Lockdown encouraged digital payment, but fundamentals are still lacking

Summary

With the imposition of lockdown in the end of March across India, digital payment saw an increment. The volume of digital transactions in April tilted a bit due to the restrictions on movement. However, it started rising from May. The UPI and IMPS transactions touched an all-time high in July. It is said that the pandemic did what the mammoth demonetization couldn’t. However, India’s cash dependence is still huge. The current improvement seems momentary as people have been forced not to use cash. With massive digital illiteracy, low internet penetration, and rising cybercrimes, India has a big battle to fight.

Increased adoption of digital payment

There has been a significant rise in the volume of digital transactions since the nation-wide lockdown began. The online transaction system, such as the Unified Payment Interface, which allows instant transfer of funds across bank accounts, rose to all-time high of 1.5 billion in July compared to 1 billion in April 2020 in terms of volume. This indicates a sharp rebound to pre-Covid-19 level after payment transactions declined during April-May due to lockdown restrictions and a larger shift towards digital payments as people are scared to use bank notes amid the pandemic.

The transactions via Immediate Payment Service (IMPS), an online platform used for high-value payment transactions, also showed a similar trend. After dipping to a historic low in April, it has been slowly rebounding. IMPS transactions are at an all-time high of 222 million transactions in July, which is worth Rs 2.3 trillion in July.

According to an RBI report, India’s digital payments per capita- a useful metric to measure digital transaction growth in the country- has grown to 22.4 as of March 2019 from 2.4 as of March 2014. It is still much lower than China’s 96.7 and the USA’s 473.6.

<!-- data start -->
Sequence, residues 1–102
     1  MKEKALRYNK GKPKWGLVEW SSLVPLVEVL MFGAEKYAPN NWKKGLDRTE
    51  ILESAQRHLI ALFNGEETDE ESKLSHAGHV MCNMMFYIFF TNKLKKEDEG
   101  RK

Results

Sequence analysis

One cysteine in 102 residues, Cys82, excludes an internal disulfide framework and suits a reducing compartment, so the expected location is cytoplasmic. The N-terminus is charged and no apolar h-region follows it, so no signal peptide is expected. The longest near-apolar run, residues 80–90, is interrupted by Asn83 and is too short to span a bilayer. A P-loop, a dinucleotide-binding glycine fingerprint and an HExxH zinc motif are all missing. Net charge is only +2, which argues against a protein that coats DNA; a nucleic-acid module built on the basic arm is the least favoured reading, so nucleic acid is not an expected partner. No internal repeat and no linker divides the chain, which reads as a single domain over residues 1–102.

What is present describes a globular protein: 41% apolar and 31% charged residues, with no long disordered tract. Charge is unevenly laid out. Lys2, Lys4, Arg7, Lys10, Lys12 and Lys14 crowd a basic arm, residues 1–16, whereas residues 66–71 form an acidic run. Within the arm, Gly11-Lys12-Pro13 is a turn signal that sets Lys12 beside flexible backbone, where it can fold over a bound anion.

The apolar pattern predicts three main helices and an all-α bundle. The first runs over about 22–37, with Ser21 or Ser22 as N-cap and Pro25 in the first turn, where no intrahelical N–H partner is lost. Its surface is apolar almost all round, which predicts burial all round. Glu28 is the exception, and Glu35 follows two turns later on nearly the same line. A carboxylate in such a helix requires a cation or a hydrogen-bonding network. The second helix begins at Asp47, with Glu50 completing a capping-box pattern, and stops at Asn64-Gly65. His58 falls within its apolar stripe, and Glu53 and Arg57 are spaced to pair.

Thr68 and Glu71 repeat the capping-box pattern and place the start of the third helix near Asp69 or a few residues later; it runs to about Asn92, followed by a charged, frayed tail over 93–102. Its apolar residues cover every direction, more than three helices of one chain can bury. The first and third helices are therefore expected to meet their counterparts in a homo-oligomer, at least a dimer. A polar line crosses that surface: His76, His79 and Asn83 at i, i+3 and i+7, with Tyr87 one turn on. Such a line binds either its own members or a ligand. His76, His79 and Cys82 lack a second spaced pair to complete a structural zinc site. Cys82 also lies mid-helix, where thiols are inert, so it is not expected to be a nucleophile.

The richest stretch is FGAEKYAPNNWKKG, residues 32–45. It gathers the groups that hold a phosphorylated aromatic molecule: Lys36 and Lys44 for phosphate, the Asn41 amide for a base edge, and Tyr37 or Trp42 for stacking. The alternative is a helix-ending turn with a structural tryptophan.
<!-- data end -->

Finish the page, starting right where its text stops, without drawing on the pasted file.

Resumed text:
A significant growth in digital transactions per capita in last five years

Source: RBI report, May 2019

Consumer driven digital revolution

The coronavirus pandemic has helped India accomplish what demonetization failed to do- digital payment adoption. During the demonetization process, there was a sudden surge in the usage of digital payments. However, it soon went to normal, with currency in circulation rising back up rapidly after the demonetization. Unlike demonetization, the current situation is consumer-driven. Despite a decent currency flow, people are motivated to use digital payment for their own safety.

India’s rising smartphone users and the pandemic has done some good for digitalizing India. As per a research report by Capgemini Research Institute, almost a quarter of surveyed people admitted to having used digital payments since the start of the pandemic, and 78% of people believe that over the next six months, it is going to be increased further.

Cash still holds the fort

India’s fondness for cash is still huge, and it seems like not going away anytime soon. The notes issued by RBI (which includes notes in circulation) as a percentage to GDP fell to a historical low after demonetization at 5.9% in December 2016. However, after more than three years since demonetization, cash bounced back to its former stature and currently exceeds level before the note ban at 12.6% of GDP in June 2020.

The two major reasons for India to remain a largely cash driven economy- India’s low internet connection and meager digital literacy. The recent growth in the digital transaction has been limited mostly to urban areas. Rural areas are still lagging behind.

Similarly, the complexity related to digital transactions, failure rate, and increasing cybercrimes have kept a majority of the Indian population from paying through digital modes.

Written by:

Guest Columnist

Amit Parhi

[email protected]indiamacroadvisors.com